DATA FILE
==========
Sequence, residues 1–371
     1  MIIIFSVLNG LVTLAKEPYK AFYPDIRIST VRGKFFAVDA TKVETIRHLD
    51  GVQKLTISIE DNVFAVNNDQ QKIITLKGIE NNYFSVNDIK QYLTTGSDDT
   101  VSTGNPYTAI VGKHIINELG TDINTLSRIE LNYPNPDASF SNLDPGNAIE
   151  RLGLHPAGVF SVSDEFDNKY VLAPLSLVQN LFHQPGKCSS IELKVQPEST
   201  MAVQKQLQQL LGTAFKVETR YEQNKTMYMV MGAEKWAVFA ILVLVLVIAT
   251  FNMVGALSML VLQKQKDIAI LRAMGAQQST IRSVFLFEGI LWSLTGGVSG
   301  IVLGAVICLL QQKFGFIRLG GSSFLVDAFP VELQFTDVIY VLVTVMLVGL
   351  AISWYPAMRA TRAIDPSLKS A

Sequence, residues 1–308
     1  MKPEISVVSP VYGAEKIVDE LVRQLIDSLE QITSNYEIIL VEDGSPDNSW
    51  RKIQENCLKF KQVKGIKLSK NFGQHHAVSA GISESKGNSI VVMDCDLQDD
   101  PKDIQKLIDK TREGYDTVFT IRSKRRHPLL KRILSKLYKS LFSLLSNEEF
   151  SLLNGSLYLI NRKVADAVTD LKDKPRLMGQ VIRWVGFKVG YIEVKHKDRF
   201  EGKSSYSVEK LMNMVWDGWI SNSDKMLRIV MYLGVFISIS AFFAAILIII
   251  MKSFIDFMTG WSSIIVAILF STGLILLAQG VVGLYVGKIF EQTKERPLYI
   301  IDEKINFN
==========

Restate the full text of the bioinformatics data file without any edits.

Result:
Sequence, residues 1–371
     1  MIIIFSVLNG LVTLAKEPYK AFYPDIRIST VRGKFFAVDA TKVETIRHLD
    51  GVQKLTISIE DNVFAVNNDQ QKIITLKGIE NNYFSVNDIK QYLTTGSDDT
   101  VSTGNPYTAI VGKHIINELG TDINTLSRIE LNYPNPDASF SNLDPGNAIE
   151  RLGLHPAGVF SVSDEFDNKY VLAPLSLVQN LFHQPGKCSS IELKVQPEST
   201  MAVQKQLQQL LGTAFKVETR YEQNKTMYMV MGAEKWAVFA ILVLVLVIAT
   251  FNMVGALSML VLQKQKDIAI LRAMGAQQST IRSVFLFEGI LWSLTGGVSG
   301  IVLGAVICLL QQKFGFIRLG GSSFLVDAFP VELQFTDVIY VLVTVMLVGL
   351  AISWYPAMRA TRAIDPSLKS A

Sequence, residues 1–308
     1  MKPEISVVSP VYGAEKIVDE LVRQLIDSLE QITSNYEIIL VEDGSPDNSW
    51  RKIQENCLKF KQVKGIKLSK NFGQHHAVSA GISESKGNSI VVMDCDLQDD
   101  PKDIQKLIDK TREGYDTVFT IRSKRRHPLL KRILSKLYKS LFSLLSNEEF
   151  SLLNGSLYLI NRKVADAVTD LKDKPRLMGQ VIRWVGFKVG YIEVKHKDRF
   201  EGKSSYSVEK LMNMVWDGWI SNSDKMLRIV MYLGVFISIS AFFAAILIII
   251  MKSFIDFMTG WSSIIVAILF STGLILLAQG VVGLYVGKIF EQTKERPLYI
   301  IDEKINFN